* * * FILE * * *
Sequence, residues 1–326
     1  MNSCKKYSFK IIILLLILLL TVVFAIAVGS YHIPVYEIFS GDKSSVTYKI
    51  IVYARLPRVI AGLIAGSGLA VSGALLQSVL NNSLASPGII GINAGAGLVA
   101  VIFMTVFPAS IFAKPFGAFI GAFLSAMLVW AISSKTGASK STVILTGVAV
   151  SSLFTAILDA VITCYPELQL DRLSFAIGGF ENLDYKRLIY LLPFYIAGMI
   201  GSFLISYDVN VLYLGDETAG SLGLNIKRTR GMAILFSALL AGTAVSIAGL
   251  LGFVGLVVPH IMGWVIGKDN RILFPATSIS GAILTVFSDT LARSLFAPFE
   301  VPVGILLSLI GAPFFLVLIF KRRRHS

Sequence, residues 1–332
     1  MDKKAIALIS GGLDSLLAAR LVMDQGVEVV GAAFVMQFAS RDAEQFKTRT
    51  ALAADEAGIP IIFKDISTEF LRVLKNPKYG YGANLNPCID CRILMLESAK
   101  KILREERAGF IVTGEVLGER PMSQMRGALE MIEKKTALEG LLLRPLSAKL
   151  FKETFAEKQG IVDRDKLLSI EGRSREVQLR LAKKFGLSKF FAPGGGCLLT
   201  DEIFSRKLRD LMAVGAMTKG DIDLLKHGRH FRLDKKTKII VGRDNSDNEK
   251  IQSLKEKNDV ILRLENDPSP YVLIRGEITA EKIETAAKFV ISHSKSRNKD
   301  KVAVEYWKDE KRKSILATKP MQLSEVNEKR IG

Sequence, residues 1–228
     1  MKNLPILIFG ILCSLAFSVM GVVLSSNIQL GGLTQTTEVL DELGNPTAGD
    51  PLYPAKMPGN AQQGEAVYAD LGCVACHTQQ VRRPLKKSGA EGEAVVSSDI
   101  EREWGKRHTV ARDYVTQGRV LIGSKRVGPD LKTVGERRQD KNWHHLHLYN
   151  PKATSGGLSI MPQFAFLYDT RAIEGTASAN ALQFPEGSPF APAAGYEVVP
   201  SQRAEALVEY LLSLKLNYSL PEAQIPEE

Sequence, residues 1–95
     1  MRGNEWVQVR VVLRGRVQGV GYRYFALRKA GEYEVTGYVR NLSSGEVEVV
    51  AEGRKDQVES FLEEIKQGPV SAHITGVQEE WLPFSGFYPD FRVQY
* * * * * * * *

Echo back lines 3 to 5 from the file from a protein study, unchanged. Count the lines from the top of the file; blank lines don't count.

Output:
    51  IVYARLPRVI AGLIAGSGLA VSGALLQSVL NNSLASPGII GINAGAGLVA
   101  VIFMTVFPAS IFAKPFGAFI GAFLSAMLVW AISSKTGASK STVILTGVAV
   151  SSLFTAILDA VITCYPELQL DRLSFAIGGF ENLDYKRLIY LLPFYIAGMI